Kristen Lee is an associate attorney at Parsus  LLP.  Her practice is focused on commercial transactions and the various day-to-day legal needs of businesses of all sizes, including business formation, corporate governance, commercial contracts, and mergers and acquisitions. Prior to joining Parsus, Kristen represented corporate clients in high-stakes litigation involving breach of contract, fraud, unfair competition, and other business torts.  

Kristen is a member of the Korean American Bar Association of Southern California.

Kristen received her B.A. degree from the University of Texas at Austin and her J.D. degree from Pepperdine School of Law.  Kristen is fluent in Korean. 


Evelyn Aguilar Shimazaki is Of Counsel at Parsus LLP. Her practice is focused on the representation of technology companies in intellectual property licensing and commercial transactions, including joint development, manufacturing, procurement, strategic alliances, outsourcing and other services arrangements. Prior to joining Parsus LLP, Evelyn was a Senior Counsel at Apple in Cupertino, California for fourteen years. After Apple, she joined Tesla in Palo Alto, California as Chief Counsel and more recently, Oculus VR, a division of Facebook in Menlo Park, California as a Consultant.  

Evelyn is a Founding Board Member of UCLA Law Women LEAD, an Advisory Board Member of the Lowell Milkin Institute of Business Law and Policy at UCLA School of Law, and a past President and Advisory Board Member of the Philippine American Bar Association of Los Angeles.

Evelyn received her B.A. degree from the University of California, Berkeley and her J.D. degree from UCLA School of Law. A native of the Philippines, Evelyn speaks Tagalog, Spanish and some Japanese.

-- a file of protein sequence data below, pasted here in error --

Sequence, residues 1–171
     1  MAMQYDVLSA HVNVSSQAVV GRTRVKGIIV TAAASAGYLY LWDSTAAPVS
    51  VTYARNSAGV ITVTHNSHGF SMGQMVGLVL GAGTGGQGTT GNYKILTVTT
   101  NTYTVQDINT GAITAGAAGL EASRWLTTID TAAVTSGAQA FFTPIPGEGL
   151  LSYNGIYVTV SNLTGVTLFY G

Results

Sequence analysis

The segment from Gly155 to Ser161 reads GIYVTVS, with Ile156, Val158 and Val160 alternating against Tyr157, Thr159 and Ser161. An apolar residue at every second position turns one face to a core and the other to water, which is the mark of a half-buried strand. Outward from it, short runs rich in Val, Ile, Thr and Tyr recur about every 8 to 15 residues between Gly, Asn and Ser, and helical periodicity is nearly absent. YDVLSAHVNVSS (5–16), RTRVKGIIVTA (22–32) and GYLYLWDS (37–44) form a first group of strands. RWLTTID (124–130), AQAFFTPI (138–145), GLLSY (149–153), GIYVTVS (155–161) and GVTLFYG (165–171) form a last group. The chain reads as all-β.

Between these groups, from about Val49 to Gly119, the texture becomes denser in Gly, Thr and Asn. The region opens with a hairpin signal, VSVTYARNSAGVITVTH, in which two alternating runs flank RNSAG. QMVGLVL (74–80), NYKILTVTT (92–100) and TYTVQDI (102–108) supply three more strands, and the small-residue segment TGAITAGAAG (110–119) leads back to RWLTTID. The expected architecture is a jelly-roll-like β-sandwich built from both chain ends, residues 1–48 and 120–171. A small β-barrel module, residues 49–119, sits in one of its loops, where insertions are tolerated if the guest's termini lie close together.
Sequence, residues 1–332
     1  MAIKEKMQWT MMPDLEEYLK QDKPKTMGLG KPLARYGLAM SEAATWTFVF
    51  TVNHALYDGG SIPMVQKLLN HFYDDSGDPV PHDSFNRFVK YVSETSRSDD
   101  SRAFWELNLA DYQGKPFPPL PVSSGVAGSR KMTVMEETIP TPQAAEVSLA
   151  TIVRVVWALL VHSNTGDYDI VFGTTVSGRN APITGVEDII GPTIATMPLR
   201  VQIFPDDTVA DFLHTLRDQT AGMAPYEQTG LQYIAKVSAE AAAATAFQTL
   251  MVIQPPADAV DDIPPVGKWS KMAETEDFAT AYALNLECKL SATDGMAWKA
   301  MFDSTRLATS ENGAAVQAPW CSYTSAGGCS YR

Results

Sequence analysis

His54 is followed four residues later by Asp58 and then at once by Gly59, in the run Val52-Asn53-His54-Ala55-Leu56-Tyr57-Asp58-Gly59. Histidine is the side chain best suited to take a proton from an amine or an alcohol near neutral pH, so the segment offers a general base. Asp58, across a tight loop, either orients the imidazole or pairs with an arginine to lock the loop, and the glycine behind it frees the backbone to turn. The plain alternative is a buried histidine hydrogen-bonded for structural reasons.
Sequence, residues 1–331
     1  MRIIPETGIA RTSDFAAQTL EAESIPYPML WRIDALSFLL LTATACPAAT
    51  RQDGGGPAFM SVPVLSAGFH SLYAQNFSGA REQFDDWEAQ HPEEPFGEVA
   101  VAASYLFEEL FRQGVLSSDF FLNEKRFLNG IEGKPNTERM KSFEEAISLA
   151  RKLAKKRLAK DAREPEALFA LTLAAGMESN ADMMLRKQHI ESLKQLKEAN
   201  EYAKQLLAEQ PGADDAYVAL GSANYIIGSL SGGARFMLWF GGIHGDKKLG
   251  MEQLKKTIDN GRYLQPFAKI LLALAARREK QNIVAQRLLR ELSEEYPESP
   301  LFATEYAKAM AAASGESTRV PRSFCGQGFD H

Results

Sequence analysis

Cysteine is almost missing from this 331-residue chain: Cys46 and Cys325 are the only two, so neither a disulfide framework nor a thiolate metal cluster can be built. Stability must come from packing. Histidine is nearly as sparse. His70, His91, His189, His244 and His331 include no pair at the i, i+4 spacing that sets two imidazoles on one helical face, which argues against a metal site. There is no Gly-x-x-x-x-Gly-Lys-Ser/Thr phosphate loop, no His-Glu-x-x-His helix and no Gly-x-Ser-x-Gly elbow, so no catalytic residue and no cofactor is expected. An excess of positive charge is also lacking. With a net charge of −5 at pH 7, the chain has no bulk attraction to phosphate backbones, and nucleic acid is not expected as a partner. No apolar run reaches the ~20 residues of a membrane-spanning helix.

Ju Park

Ju is a corporate lawyer by training and an entrepreneur at heart.  After attending the United States Military Academy at West Point for a year where she gained essential life skills including throwing grenades and applying a tourniquet, she graduated from McCombs Business School at the University of Texas majoring in finance.  Ju then graduated from UCLA School of Law where she focused her studies on International Business Law.  After law school, she practiced corporate law and litigation in the Los Angeles and Hong Kong offices of an international renowned law firm, Latham & Watkins, where she advised domestic and foreign clients, including Fortune 500 companies, on various corporate matters including general commercial contracts, corporate finance, IPOs and mergers and acquisitions.

Ju co-founded Parsus in 2009 with a vision to transform the legal services industry to make quality legal advice more available to and affordable for businesses of all sizes while improving the lifestyle and overall happiness of lawyers.  Over the years, and particularly since recently becoming a mother, Ju’s vision for Parsus has expanded to transform our extended community by committing a part of the firm’s profits and resources for charitable purposes.

In her role at Parsus LLP, Ju serves as outside transactional and general counsel to clients of all sizes and across a broad range of industries.  Her clients include domestic and foreign companies to whom she provides practical and cost-effective solutions to their general day-to-day business legal matters as well as major transactions such as mergers and acquisitions, corporate finance and cross-border transactions.  Ju combines her legal expertise with her business acumen to provide practical solutions to her clients’ legal issues without “over-lawyering” their contracts or deals.  Ju’s recent clients have included foreign and US companies acquiring and/or investing in US companies or assets, US companies receiving foreign and domestic investments, US subsidiaries of foreign companies going public, and foreign companies with ongoing US operations.  Ju also enjoys working with like-minded entrepreneurs and start-up executives.